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Happy (hacked) Valentine's Day

This Valentine's Day, there's a new worry for would-be Romeos and Juliets: the security of their online dating apps.

The answer, according to a new study from IBM Security, is that the technology is about as vulnerable as the human heart. The technology company found that 63 percent of the leading dating mobile apps were at risk of being hacked. IBM declined to name names, but said the apps include some of the most popular ones out there.

Several factors account for the risk around dating apps, IBM Security vice president Caleb Barlow told CBS MoneyWatch. People who use mobile dating apps often offer up a trove of personal information, while many mobile apps treat security as an afterthought. On top of that, mobile devices include functions such as microphones, cameras and GPS that can be used or tracked by fraudsters, putting consumers at risk.

"Part of the challenge in dating apps is the mere fact that getting to know someone requires answering a lot of questions," Barlow noted. "You are more likely to share sensitive data. It's not like it's 2 p.m. and you're in a cubicle. You are in a bar at 2 a.m. and you are looking to meet someone."

Hackers can create all sorts of havoc with the security flaws IBM Security discovered. For instance, someone could gain access to a camera or microphone, even if a user isn't logged into the app. Almost three-quarters of dating apps also have access to current and past GPS information. Combine that with the ability to hack into cameras and mics, and fraudsters could track users to confidential business meetings and eavesdrop.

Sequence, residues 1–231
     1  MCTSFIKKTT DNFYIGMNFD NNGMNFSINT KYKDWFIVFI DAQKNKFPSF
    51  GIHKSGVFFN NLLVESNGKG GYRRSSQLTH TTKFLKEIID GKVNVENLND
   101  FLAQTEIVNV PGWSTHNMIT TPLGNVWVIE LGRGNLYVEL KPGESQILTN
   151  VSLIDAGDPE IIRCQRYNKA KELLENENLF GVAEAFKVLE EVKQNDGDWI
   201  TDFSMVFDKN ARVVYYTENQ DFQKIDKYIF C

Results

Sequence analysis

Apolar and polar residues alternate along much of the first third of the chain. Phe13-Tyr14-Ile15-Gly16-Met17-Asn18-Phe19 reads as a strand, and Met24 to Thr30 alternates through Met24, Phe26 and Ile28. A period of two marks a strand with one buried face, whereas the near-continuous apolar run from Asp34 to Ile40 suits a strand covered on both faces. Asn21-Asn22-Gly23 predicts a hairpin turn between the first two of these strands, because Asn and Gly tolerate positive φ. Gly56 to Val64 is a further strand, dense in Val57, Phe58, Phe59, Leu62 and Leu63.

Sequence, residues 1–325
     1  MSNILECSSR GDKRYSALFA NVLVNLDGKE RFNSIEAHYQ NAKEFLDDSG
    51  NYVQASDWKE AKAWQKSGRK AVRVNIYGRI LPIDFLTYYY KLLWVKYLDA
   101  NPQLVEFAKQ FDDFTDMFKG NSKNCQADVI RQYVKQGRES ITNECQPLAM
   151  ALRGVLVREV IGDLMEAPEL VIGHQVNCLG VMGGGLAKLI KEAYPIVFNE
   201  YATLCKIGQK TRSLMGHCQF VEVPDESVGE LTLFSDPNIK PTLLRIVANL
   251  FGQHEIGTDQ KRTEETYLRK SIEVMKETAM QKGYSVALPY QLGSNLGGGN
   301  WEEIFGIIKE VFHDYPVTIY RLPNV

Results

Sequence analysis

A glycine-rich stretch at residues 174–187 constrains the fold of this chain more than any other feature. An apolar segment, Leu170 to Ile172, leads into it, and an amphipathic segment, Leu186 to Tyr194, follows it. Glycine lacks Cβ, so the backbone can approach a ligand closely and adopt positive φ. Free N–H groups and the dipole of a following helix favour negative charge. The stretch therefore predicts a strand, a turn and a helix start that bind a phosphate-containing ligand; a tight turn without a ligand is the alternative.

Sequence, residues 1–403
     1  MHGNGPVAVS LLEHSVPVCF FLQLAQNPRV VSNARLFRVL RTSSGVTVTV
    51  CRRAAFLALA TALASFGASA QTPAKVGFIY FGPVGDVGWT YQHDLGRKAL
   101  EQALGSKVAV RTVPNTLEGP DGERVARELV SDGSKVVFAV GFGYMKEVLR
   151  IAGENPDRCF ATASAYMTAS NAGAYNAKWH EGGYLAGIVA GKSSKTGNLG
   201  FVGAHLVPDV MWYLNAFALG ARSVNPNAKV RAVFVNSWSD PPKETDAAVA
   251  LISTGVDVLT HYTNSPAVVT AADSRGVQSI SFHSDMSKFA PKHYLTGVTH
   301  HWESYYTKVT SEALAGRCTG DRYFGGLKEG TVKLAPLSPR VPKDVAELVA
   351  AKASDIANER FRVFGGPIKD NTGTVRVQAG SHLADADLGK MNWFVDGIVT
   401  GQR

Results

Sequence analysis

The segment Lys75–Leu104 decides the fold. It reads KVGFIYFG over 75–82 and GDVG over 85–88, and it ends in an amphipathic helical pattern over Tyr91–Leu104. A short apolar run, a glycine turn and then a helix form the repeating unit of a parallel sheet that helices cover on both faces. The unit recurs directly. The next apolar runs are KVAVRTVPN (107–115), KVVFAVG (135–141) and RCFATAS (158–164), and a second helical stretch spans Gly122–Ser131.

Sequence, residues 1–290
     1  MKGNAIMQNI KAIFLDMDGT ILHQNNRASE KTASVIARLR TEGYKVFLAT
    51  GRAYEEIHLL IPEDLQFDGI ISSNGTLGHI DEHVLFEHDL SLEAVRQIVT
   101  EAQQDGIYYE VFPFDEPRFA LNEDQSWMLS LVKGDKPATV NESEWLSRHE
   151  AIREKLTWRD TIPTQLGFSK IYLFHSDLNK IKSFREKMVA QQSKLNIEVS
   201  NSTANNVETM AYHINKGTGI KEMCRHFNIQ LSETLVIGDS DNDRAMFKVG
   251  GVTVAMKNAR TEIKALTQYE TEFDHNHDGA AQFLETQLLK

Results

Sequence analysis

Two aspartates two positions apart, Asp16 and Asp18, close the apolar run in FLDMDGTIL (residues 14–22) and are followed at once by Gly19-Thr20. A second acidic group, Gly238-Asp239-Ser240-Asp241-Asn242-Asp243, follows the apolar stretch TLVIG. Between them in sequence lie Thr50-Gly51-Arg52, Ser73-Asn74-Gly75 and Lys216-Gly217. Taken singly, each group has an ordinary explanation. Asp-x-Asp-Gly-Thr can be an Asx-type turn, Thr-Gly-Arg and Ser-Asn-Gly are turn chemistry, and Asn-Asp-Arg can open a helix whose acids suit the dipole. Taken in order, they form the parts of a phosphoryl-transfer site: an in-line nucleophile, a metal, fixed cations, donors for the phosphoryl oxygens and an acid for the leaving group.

Such corporate espionage issues might not be a risk for most Casanovas, but more mundane security problems, such as stolen credit cards, are. About half of dating apps have access to a user's billing information saved on their device, but because of poor coding hackers could steal that information, IBM said.

The security flaws also include the potential to send malware to consumers. Some apps could be reprogrammed by hackers to send what would look like a message, but when clicked on downloads malware onto the device.

That nearly two-thirds of dating apps has medium-to-high security vulnerabilities "surprised us a bit," Barlow said. "We operate in a world where if you are gathering personal and private information, then you have a responsibility to protect the users of the application."

Part of the problem may be that mobile apps are often quickly developed and pushed out to consumers, which could mean that security isn't a high priority, he added.

Consumers can take some steps to protect themselves. First, don't provide too much personal information on sites until you are comfortable with the person you are wooing.

Second, carefully consider all the permissions the app is asking for. When some apps update, they automatically reset the permissions to gain access to some features, like GPS.

Third, make sure to use unique passwords for every account. If a hacker gets access to your dating app and its password, make sure it doesn't work for your banking app or other programs. Another important precaution is to only connect to a dating app via trusted WiFi connections.

"This isn't about being a downer on Valentine's Day," Barlow said. "Have fun. But like when you are going down a dark street, you need to have your wits about you."

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